Life estates are commonly used in elder law asset protection planning. Mom owns a house worth $400,000. She gives the house to her children(a "remainder interest"), and keeps the right to live in the house during her lifetime (a "life estate interest"). The gift of the remainder interest is "transfer" for Medicaid purposes, and starts the clock on the 5 year lookback period.
The gift of the house subject to a life estate is a popular asset protection planning technique because it is easy to understand and less invasive to lifestyle than other transfer techniques. Making a gift of a remainder interest simply involves the attorney preparing a deed and associated real estate transfer documents. There are no realty transfer tax consequences - realty transfer tax is not assessed in New Jersey for transfers without consideration (i.e.: a gift). Also, using a life estate technique not much changes from a practical perspective as the life estate holder (ie: Mom) continues to be responsible for all property taxes, maintenance and upkeep - and is still entitled to the Senior property tax rebate. Perhaps most importantly, you don't spend your house, so it is emotionally easier to give away an interest in a house than to give away cash dollars that you may still want to spend. For those who think they are at least 5 years away from a nursing home, a transfer of a house subject to a life estate can be a home run as the house tends to be the most valuable single asset.
But what happens from a tax perspective when the owner dies? (Assuming the death is not in 2010 when we have no federal estate tax - see my prior post on estate tax implications for deaths in 2010)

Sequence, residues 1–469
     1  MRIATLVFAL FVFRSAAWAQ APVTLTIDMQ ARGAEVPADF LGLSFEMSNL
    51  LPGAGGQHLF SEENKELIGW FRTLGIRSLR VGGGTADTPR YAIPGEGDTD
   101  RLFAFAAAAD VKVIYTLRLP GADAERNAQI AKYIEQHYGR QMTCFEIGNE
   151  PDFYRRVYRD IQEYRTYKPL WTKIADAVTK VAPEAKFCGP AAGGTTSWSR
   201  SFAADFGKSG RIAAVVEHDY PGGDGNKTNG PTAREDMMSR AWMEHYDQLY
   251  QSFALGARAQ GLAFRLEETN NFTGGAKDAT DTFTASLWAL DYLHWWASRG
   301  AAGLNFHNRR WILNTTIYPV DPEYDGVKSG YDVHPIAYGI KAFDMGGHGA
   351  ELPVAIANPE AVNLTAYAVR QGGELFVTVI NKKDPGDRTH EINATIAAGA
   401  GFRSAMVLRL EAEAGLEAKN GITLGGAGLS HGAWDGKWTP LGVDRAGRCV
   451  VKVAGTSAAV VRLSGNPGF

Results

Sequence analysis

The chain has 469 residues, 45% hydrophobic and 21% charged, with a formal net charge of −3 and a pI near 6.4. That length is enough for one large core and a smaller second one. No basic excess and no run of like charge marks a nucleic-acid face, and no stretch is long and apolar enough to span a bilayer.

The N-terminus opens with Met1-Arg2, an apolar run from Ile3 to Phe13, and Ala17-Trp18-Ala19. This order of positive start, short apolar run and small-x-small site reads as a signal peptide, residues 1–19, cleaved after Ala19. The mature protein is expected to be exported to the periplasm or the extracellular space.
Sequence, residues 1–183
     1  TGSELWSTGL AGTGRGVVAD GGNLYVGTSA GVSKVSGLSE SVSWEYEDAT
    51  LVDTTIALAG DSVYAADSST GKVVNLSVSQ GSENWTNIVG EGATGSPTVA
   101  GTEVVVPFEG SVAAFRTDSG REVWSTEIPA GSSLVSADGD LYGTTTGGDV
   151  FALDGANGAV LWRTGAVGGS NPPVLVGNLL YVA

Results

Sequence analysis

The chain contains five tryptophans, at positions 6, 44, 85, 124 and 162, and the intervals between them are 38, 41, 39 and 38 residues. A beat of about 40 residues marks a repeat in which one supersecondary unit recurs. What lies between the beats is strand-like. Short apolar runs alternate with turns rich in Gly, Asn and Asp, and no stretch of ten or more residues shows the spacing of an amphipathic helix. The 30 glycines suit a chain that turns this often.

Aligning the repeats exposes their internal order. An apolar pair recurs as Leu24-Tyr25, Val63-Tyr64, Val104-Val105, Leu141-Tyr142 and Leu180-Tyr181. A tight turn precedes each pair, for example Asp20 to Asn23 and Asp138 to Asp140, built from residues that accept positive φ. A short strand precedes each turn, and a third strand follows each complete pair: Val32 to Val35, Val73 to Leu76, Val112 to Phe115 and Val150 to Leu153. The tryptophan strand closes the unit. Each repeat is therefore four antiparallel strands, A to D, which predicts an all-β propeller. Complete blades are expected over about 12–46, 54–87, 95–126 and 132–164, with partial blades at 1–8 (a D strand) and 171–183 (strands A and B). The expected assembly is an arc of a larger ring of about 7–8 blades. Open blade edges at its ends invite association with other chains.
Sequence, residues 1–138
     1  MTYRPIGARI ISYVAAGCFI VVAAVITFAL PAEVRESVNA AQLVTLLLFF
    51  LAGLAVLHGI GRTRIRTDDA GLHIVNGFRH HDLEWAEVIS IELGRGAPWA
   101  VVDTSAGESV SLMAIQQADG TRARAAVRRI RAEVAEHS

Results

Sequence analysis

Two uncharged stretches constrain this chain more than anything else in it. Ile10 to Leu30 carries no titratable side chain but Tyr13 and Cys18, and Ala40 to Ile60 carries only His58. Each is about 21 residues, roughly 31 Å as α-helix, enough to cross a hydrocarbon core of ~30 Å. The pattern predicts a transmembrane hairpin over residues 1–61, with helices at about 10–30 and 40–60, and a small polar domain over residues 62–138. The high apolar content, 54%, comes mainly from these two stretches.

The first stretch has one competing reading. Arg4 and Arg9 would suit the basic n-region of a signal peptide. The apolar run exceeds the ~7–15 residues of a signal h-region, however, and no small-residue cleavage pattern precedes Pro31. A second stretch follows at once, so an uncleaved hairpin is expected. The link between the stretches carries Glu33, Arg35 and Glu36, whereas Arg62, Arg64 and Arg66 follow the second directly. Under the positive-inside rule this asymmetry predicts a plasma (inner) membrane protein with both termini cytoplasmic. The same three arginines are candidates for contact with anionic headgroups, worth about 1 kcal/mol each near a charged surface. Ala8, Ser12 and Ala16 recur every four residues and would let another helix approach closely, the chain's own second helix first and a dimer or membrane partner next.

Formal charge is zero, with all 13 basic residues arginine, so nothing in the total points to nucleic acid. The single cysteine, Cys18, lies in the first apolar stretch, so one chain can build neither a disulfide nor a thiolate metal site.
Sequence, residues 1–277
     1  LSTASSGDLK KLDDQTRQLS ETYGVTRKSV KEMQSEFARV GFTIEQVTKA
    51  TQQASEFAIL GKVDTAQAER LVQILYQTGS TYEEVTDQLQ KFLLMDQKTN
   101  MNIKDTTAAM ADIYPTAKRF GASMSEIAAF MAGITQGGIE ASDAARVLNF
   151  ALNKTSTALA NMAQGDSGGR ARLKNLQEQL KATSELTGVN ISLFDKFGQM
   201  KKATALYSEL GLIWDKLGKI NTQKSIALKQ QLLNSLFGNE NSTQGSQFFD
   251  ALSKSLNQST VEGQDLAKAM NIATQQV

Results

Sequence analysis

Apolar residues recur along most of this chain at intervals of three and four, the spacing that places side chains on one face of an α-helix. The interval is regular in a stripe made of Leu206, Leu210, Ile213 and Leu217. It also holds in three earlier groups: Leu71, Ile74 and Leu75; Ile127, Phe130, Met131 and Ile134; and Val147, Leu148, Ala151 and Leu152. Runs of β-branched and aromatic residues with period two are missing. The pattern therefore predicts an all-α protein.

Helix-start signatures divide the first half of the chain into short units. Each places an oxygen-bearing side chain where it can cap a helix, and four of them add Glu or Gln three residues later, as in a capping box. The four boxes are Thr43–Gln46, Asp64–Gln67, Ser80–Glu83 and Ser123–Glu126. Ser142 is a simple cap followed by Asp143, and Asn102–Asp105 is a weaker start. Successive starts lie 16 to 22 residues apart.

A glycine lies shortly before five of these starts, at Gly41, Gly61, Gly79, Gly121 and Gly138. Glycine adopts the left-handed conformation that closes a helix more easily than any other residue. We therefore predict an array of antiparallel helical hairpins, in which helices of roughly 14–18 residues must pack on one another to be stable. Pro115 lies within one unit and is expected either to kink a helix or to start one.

If you give away an asset and keep a life estate in that asset, the life estate acts like a "string" that pulls 100% of the value of the asset into your taxable estate. From an estate tax perspective, this mean that (1) 100% of the value of the house is included in decedents taxable estate, and (2) the cost basis of the house is "stepped-up" to the value of the house on date of death (IRC 2036). So, if Mom bought the house for $40,000 and it is now worth $440,000, Mom's estate includes the house valued at $440,000, and kids get the house with a $440,000 basis. When they sell the house for $450,000 down the road, then they only have $10,000 of capital gain. The $400,000 of appreciation that occurred during Mom's lifetime essentially disappears (you potentially pay estate tax instead). If the total estate is less than $675,000 (New Jersey) or $1,000,000 (federal starting in 2011 - unless congress changes it), then there will be no estate tax due. If there is a New Jersey estate tax, the rate ranges up to 16% on amounts over $675,000 - this is far less than the capital gains tax (15% federal plus 7.5% NJ) on $400,000 if Mom simply gave the house to the kids without keeping the life estate.
In New Jersey we also need to contend with the Inheritance Tax if the remainder beneficiaries are not children - for example, Aunt gives her house to her nieces and nephews and retains a life estate. The Inheritance Tax is a separate tax from the estate tax that is assessed against a beneficiary based on their relationship to the decedents - transfers to spouses and children are exempt, transfers to other family members are not. For example, when Aunt dies, the life estate acts to make 100% of the value of the house subject to inheritance tax (NJAC 18:26-5 et seq). So, nieces and nephews get the house, but they need pay an inheritance tax at the rate of 15%-16% with no exemption. The inheritance tax is a credit to the estate tax, so you don't end up paying both taxes if the estate is subject to estate tax and the beneficiaries are not children or spouses.
The benefits of making a transfer of a house subject to a life estate can significantly outweigh any estate tax or inheritance consequences in many situations. The key is to get advise for YOUR situation to see if transfer of a house subject to a lift estate make sense to protect your assets from a Medicaid spend-down.